A PAIR of late bursts for selection meant that there was a respectable Newport Gwent Dragons contingent at the 2011 World Cup. A repeat will be needed next summer.

Warren Gatland plumped for a quintet of Dragons for the tournament in New Zealand – hooker Lloyd Burns, lock Luke Charteris, blindside Dan Lydiate, number eight Taulupe Faletau and wing Aled Brew.

Burns and Faletau made their Test debuts against the Barbarians just 11 weeks before the 30-strong squad was named for the tournament and headed Down Under with three caps each to their name.

Hopefully Rodney Parade can provide a few bolters for England 2015 because at the moment we are staring at a meagre Dragons presence.

Wales fly to South Africa today for two Tests against the Springboks and midweek encounter with Eastern Province Kings. There will be 32 players on the plane and just one Dragon... thank goodness for Taulupe.

Faletau is the region's only player who is a nailed-on World Cup squad member.

Full-back/wing Hallam Amos, who would have toured were it not for an injury to his left shoulder, will hopefully make the cut as back-up to Leigh Halfpenny, Alex Cuthbert, George North and Liam Williams.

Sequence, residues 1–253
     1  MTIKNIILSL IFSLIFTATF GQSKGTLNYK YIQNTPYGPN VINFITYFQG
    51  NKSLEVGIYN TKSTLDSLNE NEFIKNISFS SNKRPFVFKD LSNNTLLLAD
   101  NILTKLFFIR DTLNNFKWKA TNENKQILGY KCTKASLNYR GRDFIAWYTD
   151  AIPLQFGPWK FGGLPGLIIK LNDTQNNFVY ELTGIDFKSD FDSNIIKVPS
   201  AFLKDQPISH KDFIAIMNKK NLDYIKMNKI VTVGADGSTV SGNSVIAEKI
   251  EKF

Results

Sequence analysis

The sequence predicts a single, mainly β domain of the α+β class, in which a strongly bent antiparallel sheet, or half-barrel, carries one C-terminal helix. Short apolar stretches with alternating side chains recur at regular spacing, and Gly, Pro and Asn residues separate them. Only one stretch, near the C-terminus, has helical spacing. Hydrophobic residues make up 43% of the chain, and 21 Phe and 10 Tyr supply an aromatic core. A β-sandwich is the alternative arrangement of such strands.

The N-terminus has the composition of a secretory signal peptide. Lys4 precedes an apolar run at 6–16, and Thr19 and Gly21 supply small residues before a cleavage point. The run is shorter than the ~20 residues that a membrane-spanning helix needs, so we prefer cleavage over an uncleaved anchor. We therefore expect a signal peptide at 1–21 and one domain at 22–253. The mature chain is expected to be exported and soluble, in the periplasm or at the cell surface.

But he faces a tussle with fellow young tyro Jordan Williams, who will attempt to impress on the hard grounds of South Africa after getting the nod ahead of Dragons wing Tom Prydie.

Lock/back row Andrew Coombs was unfortunate to miss out on South Africa and is attempting to earn selection in an area of real strength and depth.

The same goes for flanker Lewis Evans, who earned a late call-up to last week's trial but whose sterling performances for the Dragons this season clearly didn't tick the boxes for Gatland & Co.

The management team considered bringing in Jack Dixon but opted to leave the powerful centre with the Under-20s at the Junior World Championship; the 19-year-old from Newbridge may have to wait until the 2019 World Cup cycle along with the likes of Tyler Morgan, Elliot Dee and Joe Davies.

Whatever happens over the next year, it's hard to see the Dragons' 2011 tally of five being matched.

There are some extenuating circumstances for this – Burns was forced to retire while big offers from France tempted Charteris and Lydiate away – but the current list of Wales players makes for tough reading.

Not only do the names of the Scarlets (12), Ospreys (8) and Blues (4) appear more frequently than the Dragons but so do those of Racing Metro (3) and Perpignan (2).

It does little to dispel the charge of the Dragons being freeloaders, taking their share of the meagre pot for player release without providing the players.

Thankfully a sizeable Gwent contingent at this year's Junior World Championship is preventing things from being too uncomfortable for chief executive Gareth Davies when he attempts to push the Dragons' cause in the spat between Regional Rugby Wales and the Welsh Rugby Union.

The challenge is now to have a good conversion rate of Under-20s to senior internationals, but that has been said countless times over the years at Rodney Parade.

The naming of World Cup squads next August is sure to focus minds because it will be embarrassing if Fiji, courtesy of Netani Talei, match Wales' tally of one Dragon.